Portal:Asia

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Globe centered on Asia, with Asia highlighted. The continent is shaped like a right-angle triangle, with Europe to the west, oceans to the south and east and Oceania to the south-east.

Asia (/ˈʒə, ˈʃə/ (About this sound listen)) is Earth's largest and most populous continent, located primarily in the Eastern and Northern Hemispheres. It shares the continental landmass of Eurasia with the continent of Europe and the continental landmass of Afro-Eurasia with both Europe and Africa. Asia covers an area of 44,579,000 square kilometres (17,212,000 sq mi), about 30% of Earth's total land area and 8.7% of the Earth's total surface area. The continent, which has long been home to the majority of the human population, was the site of many of the first civilizations. Asia is notable for not only its overall large size and population, but also dense and large settlements, as well as vast barely populated regions. Its 4.5 billion people constitute roughly 60% of the world's population.

In general terms, Asia is bounded on the east by the Pacific Ocean, on the south by the Indian Ocean, and on the north by the Arctic Ocean. The border of Asia with Europe is a historical and cultural construct, as there is no clear physical and geographical separation between them. It is somewhat arbitrary and has moved since its first conception in classical antiquity. The division of Eurasia into two continents reflects East-West cultural, linguistic, and ethnic differences, some of which vary on a spectrum rather than with a sharp dividing line. The most commonly accepted boundaries place Asia to the east of the Suez Canal separating it from Africa; and to the east of the Turkish Straits, the Ural Mountains and Ural River, and to the south of the Caucasus Mountains and the Caspian and Black Seas, separating it from Europe.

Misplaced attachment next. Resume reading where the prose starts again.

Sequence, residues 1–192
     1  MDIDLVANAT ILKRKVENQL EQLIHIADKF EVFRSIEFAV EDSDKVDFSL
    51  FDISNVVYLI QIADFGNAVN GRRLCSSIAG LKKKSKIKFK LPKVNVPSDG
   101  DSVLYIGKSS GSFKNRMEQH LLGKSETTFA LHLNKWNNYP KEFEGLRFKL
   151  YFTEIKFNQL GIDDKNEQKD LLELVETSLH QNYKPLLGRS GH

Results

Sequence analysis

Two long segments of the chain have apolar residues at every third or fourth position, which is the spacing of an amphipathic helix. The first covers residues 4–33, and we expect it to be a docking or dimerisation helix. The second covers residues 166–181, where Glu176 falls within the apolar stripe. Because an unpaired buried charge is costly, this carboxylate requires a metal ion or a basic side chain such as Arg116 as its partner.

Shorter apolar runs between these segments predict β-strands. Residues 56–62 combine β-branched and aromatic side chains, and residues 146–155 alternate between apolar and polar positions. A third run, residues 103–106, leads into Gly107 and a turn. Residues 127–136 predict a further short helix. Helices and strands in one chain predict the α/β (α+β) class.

China and India alternated in being the largest economies in the world from 1 to 1800 CE. China was a major economic power and attracted many to the east, and for many the legendary wealth and prosperity of the ancient culture of India personified Asia, attracting European commerce, exploration and colonialism. The accidental discovery of a trans-Atlantic route from Europe to America by Columbus while in search for a route to India demonstrates this deep fascination. The Silk Road became the main East-West trading route in the Asian hinterlands while the Straits of Malacca stood as a major sea route. Asia has exhibited economic dynamism (particularly East Asia) as well as robust population growth during the 20th century, but overall population growth has since fallen. Asia was the birthplace of most of the world's mainstream religions including Christianity, Islam, Judaism, Hinduism, Buddhism, Confucianism, Taoism, Jainism, Sikhism, Zoroastrianism, as well as many other religions.

Selected panorama

Luang Prabang, Laos
Credit: Benh Lieu Song

Panorama of the city of Luang Prabang in northern Laos, as seen from Phu Si hill. The city was formerly the capital of a kingdom of the same name, and after Laos's independence from France, it was the royal capital and seat of government of the Kingdom of Laos. This view features the Nam Khan river on the left, and Luang Prabang International Airport on the very far left.

Featured picture

Ase o fuku onna
Credit: Utamaro